Every year, the world’s most powerful people from business and politics gather in Davos, Switzerland to talk about the pressing issues of the day at the World Economic Forum. Economic development, and workforce issues in particular, are always on the menu.
This year, the New York Times offers some particularly interesting insights in an article titled “The Hidden Automation Agenda of the Davos Elite,” as shared by a NYT reporter on location:
In public, many executives wring their hands over the negative consequences that artificial intelligence and automation could have for workers. They take part in panel discussions about building “human-centered A.I.” for the “Fourth Industrial Revolution” — Davos-speak for the corporate adoption of machine learning and other advanced technology — and talk about the need to provide a safety net for people who lose their jobs as a result of automation.
But in private settings, including meetings with the leaders of the many consulting and technology firms whose pop-up storefronts line the Davos Promenade, these executives tell a different story: They are racing to automate their own work forces to stay ahead of the competition, with little regard for the impact on workers.
So, what is the scale of their thinking on workplace automation?
“People are looking to achieve very big numbers,” said Mohit Joshi, the president of Infosys, a technology and consulting firm that helps other businesses automate their operations. “Earlier they had incremental, 5 to 10 percent goals in reducing their work force. Now they’re saying, ‘Why can’t we do it with 1 percent of the people we have?’”
Now, I don’t blame business leaders for any of this: It’s the nature of the game. They want to keep their jobs just like the rest of us, and they have investors and boards of directors telling them that if they don’t increase profits, they’re out. They have to find every (legal) way to cut costs and boost sales as much as they can. In terms of cost cutting, workforce is a ripe target since it’s the largest single expense for most companies. They see their competitors making these kinds of moves, and they know that if they don’t, they’ll suffer a pricing disadvantage that will ultimately kill their business.
Of course, from a societal point of view it’s incredibly shortsighted – if we fully automate the workforce, who’s going to be able to buy the things that the fully-automated workforce produces? But business leaders aren’t held responsible for societal issues like this, unlike the profits they are very much held accountable for.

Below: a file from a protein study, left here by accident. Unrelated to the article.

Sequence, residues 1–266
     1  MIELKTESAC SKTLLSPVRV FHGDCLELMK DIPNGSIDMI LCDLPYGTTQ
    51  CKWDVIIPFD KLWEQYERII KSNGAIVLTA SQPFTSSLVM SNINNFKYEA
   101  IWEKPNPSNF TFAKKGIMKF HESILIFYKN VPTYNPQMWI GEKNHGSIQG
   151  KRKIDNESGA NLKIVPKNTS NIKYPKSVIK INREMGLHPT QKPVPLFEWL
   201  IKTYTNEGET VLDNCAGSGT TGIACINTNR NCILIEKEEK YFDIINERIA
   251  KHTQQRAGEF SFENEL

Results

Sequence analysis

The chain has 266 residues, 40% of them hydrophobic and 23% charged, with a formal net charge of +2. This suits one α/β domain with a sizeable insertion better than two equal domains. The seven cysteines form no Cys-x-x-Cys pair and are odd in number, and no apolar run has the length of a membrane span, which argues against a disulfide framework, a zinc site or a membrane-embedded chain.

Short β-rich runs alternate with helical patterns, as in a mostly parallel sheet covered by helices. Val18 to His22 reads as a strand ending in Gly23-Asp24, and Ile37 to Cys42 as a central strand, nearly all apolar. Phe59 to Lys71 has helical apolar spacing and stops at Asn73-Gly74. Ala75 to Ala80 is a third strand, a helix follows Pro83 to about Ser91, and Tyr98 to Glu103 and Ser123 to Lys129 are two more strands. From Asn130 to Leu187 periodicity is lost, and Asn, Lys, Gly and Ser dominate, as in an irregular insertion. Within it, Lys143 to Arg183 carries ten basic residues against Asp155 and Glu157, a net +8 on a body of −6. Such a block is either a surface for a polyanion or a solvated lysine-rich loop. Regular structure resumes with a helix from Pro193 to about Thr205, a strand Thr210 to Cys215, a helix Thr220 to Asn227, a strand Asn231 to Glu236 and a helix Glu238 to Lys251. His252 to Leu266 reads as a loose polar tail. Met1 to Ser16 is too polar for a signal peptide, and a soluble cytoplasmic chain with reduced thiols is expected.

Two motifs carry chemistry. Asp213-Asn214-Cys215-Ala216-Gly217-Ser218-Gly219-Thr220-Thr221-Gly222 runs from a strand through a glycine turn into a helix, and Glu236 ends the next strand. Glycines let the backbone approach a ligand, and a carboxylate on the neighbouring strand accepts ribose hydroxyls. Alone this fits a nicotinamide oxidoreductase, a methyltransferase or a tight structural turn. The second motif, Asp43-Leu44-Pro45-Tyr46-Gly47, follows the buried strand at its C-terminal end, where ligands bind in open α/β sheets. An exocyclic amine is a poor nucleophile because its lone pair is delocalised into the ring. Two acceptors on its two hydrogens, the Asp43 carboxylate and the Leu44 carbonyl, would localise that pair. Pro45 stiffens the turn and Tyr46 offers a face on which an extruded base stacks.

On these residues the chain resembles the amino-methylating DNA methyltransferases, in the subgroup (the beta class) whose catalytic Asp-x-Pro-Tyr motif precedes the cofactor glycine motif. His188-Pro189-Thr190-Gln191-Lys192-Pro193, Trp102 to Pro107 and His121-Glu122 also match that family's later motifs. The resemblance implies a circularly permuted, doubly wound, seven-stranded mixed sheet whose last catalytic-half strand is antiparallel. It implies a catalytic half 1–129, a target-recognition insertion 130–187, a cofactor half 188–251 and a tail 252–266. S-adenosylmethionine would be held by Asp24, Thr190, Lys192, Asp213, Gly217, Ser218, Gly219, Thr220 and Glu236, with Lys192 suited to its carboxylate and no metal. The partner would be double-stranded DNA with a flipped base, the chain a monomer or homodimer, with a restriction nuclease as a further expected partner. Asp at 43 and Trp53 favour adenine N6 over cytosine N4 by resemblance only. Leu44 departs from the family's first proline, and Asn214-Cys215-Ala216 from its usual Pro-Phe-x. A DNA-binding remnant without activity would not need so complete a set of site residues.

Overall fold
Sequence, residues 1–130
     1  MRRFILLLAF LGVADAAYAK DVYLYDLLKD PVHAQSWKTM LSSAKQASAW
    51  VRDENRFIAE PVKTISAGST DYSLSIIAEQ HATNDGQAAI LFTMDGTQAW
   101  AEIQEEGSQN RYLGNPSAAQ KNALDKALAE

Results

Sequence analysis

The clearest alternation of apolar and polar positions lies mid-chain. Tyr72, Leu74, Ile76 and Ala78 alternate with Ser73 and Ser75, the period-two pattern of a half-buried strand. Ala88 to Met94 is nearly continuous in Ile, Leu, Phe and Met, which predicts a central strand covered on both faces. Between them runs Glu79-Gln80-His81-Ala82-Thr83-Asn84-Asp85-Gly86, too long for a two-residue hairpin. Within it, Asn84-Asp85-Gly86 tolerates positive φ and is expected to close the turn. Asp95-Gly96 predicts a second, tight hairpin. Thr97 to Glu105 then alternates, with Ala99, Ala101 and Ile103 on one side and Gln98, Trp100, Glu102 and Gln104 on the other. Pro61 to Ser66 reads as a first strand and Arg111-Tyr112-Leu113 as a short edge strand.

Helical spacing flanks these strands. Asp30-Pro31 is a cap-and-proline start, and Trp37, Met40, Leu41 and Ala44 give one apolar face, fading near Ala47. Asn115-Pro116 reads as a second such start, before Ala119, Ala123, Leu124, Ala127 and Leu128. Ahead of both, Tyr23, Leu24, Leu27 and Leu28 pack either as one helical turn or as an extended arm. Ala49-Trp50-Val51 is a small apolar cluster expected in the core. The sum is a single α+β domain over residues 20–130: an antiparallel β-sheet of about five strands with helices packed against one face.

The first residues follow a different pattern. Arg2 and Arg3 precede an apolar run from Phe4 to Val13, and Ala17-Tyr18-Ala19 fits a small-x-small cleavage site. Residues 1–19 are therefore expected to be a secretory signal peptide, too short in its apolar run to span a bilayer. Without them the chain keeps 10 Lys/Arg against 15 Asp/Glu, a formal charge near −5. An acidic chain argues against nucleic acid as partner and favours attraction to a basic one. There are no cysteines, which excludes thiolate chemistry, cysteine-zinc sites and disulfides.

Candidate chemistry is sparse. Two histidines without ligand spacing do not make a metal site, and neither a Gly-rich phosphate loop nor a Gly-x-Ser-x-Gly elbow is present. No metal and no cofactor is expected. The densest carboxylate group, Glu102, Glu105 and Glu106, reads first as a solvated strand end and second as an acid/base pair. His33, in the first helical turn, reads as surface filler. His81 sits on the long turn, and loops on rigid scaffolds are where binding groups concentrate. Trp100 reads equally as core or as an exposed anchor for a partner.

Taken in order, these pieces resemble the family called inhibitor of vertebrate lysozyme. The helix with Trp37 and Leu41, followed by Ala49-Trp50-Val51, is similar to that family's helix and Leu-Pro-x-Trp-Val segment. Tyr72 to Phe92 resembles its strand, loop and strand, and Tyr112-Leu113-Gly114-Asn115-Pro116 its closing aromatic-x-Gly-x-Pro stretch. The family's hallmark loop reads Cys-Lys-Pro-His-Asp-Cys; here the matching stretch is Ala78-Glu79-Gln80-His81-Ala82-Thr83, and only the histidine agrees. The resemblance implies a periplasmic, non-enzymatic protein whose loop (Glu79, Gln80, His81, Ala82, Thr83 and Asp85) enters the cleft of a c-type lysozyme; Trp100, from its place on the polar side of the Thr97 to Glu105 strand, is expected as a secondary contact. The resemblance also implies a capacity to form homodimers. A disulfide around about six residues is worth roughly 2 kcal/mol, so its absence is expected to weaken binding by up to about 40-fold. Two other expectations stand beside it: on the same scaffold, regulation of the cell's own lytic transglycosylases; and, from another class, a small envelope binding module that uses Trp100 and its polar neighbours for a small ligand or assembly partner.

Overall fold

And for those of us helping the younger generations prepare to enter the workforce – where does that leave us? Is there anything we can do?
Actually, I think there are two things we can do:
- Focus on professions that cannot be outsourced or automated. Big business leaders may want to automate every job, but they won’t be able to do that for a while. Lower-skilled jobs, and jobs with a lot of automaticity (paperwork, etc.) are likely the first to go, while jobs that require interpersonal skills, technical skills, mobility, and situational decision-making should be safe for a long time to come. Those in Career and Technical Education who focus on middle-skilled roles are in a prime position to help students secure a good future.
- Emphasize entrepreneurship. If the workforce is going to be disrupted, then the nature of work may change from one employment to more of a freelance model – which means that young people are going to need how to market and sell their services, manage their personal brands, and manage their business expenses and finances just like a small business owner.
It’s not the perfect solution – but it does reflect a changing reality, one we can prepare our young people for if we pay attention to what’s happening and what’s coming.
Brett Pawlowski is Executive Vice President of NC3T, the National Center for College and Career Transitions (www.nc3t.com). NC3T provides planning, coaching, technical assistance and tools to help community-based leadership teams plan and implement their college-career pathway systems and strengthen employer connections with education.